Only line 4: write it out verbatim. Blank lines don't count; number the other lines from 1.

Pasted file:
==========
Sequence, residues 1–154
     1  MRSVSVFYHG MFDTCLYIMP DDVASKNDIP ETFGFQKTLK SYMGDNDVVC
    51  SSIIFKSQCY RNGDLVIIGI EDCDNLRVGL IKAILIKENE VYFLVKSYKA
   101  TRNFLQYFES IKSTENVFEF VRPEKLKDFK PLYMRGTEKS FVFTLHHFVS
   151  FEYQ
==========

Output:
   101  TRNFLQYFES IKSTENVFEF VRPEKLKDFK PLYMRGTEKS FVFTLHHFVS